Rebecca Irwin

irwin327x327B.S. in Bioengineering,
Binghamton University, 2015

M.S. in Biomedical Engineering,
Cornell University, 2017


Rebecca is a fifth year PhD candidate studying articular cartilage repair integration by developing new techniques to quantify local integration strength and investigating how lubrication therapies affect repair tissue integration.



  • Irwin, R. M., Shimozono, Y., Yasui, Y., Megill, R., Deyer, T. W., & Kennedy, J. G. (2018). Incidence of Coexisting Talar and Tibial Osteochondral Lesions Correlates With Patient Age and Lesion Location. Orthopaedic journal of sports medicine6(8), 2325967118790965.
  • Lu, L., Irwin, R. M., Coloma, M. A., Schertzer, J. W., & Chiarot, P. R. (2015). Removal of excess interfacial material from surface-modified emulsions using a microfluidic device with triangular post geometry. Microfluidics and Nanofluidics18(5-6), 1233-1246.


Rebecca is from Webster, NY and attended Binghamton University for her undergraduate degree in bioengineering where she was also a member of the club field hockey team. She enjoys playing intramural sports, hiking, and traveling. She was former President of the BMES student chapter at Cornell from 2016-2017.


Recipient of the Graduate Assistance in Areas of National Need (GAANN) Fellowship from 2017-2018. This is a one year fellowship provided to support training to graduate students to become leading researchers and educators in biomedical engineering.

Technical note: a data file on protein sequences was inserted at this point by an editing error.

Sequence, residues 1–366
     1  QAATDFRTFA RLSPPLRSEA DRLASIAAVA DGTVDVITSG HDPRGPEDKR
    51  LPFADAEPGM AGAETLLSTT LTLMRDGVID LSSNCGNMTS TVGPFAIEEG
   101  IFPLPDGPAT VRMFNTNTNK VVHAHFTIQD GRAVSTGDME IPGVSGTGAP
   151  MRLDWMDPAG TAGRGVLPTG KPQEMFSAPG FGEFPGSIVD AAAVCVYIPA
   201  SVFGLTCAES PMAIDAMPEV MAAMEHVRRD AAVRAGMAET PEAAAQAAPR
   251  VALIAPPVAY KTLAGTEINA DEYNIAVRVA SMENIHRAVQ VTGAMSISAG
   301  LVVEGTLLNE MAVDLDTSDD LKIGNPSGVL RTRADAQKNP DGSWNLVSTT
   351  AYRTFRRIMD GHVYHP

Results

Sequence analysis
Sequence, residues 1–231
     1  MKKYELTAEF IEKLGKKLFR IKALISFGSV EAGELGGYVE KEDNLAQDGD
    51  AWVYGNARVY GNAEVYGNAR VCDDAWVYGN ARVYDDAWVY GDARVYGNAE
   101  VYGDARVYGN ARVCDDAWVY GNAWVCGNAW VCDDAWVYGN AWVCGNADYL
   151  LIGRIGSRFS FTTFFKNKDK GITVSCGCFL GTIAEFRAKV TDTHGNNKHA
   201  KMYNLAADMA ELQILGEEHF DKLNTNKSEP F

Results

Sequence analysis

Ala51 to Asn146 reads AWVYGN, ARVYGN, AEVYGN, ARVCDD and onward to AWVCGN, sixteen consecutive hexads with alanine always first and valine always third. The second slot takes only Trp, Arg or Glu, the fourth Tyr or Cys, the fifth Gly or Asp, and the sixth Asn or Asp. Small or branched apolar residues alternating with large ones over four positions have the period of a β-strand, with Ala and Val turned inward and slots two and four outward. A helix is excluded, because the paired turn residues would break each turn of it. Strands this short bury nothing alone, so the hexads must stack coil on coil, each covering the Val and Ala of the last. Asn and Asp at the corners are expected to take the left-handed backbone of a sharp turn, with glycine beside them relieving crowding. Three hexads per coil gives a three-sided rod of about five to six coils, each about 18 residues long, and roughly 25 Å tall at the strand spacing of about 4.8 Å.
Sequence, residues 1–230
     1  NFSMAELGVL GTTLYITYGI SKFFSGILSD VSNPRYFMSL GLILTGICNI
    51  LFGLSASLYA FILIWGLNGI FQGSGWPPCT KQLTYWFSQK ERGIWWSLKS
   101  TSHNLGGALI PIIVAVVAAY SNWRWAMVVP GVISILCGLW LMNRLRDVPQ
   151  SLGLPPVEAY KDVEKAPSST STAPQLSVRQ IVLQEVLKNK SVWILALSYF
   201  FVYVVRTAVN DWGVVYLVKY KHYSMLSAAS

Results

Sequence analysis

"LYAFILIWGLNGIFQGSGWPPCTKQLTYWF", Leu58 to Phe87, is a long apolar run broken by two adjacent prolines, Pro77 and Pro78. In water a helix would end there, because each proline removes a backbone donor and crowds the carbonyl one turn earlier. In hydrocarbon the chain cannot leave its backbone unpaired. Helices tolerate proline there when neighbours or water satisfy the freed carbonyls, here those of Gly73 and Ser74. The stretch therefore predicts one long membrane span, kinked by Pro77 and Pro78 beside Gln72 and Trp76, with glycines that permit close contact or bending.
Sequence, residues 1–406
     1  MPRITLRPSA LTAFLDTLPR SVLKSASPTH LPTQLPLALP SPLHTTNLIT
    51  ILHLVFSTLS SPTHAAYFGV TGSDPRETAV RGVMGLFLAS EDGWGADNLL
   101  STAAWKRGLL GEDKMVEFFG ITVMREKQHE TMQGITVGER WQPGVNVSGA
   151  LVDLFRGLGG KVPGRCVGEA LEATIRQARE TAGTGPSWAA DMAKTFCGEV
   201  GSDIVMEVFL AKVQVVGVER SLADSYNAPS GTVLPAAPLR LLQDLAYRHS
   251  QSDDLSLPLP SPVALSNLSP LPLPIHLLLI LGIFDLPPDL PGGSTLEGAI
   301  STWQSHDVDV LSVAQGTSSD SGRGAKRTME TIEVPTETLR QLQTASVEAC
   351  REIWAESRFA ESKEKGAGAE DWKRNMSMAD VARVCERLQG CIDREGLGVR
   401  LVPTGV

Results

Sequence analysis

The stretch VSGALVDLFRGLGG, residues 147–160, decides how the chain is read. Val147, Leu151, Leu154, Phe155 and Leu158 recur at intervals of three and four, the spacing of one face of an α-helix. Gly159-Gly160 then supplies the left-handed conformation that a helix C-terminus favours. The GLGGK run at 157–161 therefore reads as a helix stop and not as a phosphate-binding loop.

Research Grant from the Arthroscopy Associate of North America (AANA). Received a one year research grant to support research investigating the effect of lubrication therapeutics on osteochondral healing.

Related Web Pages

Optical measurements of local strains allows for microscale adhesion analysis at cartilage repair interface

Measurements of local strains demonstrates distinct tribological phenotypes of arthritic synovial fluid and efficacy of viscosupplementation

Compressive Loading Videos


Orthopedic Research Society Conference 2019 Abstracts

The Clot Thickens: Autologous Fibrin Sealants Adhere to Articular Cartilage and Show Distinct Changes in Mechanics Based on Fibrinogen Concentration

Measurements of Local Strains Allows for Detection of Distinct Tribological Phenotypes of Arthritic Synovial Fluid and Efficacy of Viscosupplementation

Orthopedic Research Society Conference 2020 Abstract